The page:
my family and love,

the port in stormy and fair weather,

I hear the songs of the universe surround me.


We visited Sharrott Winery in Hammonton, NJ.






31 thoughts on “Unsettled

  1. Your musing reflects the sound and fury of our gully-washer last evening. This morning has dawned bright and clear with grandson Curt mowing the soggy grass. He doesn’t know it yet, but when he’s finished, he’ll have cake too – mini chocolate eclairs.

    I’m guessing you are still doggedly determined to get that manuscript ready for publication, that calming kitty as muse. Brava! I’m doing another memoir read-through and hoping to send the draft to another beta reader this week before our anniversary pause.

    • Thank you Marian. Yes, last Thursday and Friday we had thunderstorms. (Tornado warnings in PA.) I wasn’t feeling great on Friday. And yes, it turns out I have to write another chapter for a contributor who didn’t come through. UGH.
      I’m sure you’re grandson will enjoy his treat. Good luck with your read through/edit.

  2. We had the same storms, or at least storms from the same system. I used to make wine — only mead but it’s a wine all the same — (and beer) and have always thought there was something magical about the fermentation process, of turning water, yeast, and a sugar of some kind (honey) into wine (or beer).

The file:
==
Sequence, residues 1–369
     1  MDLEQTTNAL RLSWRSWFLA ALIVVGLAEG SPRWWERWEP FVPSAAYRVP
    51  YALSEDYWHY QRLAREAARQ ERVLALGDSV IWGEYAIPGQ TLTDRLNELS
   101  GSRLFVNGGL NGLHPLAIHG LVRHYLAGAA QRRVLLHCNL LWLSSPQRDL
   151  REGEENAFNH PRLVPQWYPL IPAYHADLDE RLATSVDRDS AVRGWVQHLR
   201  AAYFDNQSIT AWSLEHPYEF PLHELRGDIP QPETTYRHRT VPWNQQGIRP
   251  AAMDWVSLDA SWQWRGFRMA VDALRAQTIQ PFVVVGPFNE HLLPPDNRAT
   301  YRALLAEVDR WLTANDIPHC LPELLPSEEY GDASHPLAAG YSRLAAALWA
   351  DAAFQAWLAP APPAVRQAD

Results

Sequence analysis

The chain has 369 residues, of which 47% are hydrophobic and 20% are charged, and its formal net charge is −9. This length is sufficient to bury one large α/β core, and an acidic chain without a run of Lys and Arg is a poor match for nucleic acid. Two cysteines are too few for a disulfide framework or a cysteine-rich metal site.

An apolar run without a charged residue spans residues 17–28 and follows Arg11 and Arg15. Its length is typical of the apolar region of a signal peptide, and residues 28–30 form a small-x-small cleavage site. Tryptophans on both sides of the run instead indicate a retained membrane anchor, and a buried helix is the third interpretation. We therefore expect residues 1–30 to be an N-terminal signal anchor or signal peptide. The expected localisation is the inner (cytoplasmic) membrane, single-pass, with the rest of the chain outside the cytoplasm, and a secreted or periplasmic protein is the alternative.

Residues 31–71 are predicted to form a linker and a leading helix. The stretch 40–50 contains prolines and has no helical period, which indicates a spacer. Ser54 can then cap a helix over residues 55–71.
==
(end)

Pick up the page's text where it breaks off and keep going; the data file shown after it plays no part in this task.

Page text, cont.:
One of relatives, going way, way back, was a cooper.
    Sounds like a lovely weekend. I love how you connected it all together (including Jupiter’s Great Red Spot). 🙂

    • Thank you, Robin. That’s interesting that you used to make wine and beer.
      I’m still super busy, so Sunday was a nice break. I’m glad it turned out to be such a lovely day.

  3. I like the juxtaposition of this poem and its musings. How we can feel stable and moored and yet when we look out into the universe we realize that we are rushing along around and through space. A dizzying thought. Better to drink wine with family, relax with the happiness of animals, and feel secure within our sphere of belonging. Beautifully done

  4. The musings of a melody, mockingbird and magic were softly, lightly placed into my mind. The other dissatisfied and stormy parts were quieted. As you went forward past the rain and other world of Jupiter, you found your mooring. It is like mine, among loved ones. This was lovely.
    I haven’t expressed openly any comfort or sympathy over your obvious frustration (and disappointment) in co-horts not being able to be counted on, Merril. I have felt sad for your having to make up for chapters not submitted in a professional, researched manner. I hope this will very soon be a big bump/hurdle seen in the past! xo

    • Thank you very much, Robin, for both your kind comment about the poem and my other work. I have a busy day of writing ahead of me. It’s definitely frustrating dealing with people who do not respond to emails and either do no follow through or do not send work that is acceptable. This book will be all finished this week. Then I need to finish the next one. 🙂 Thank you again!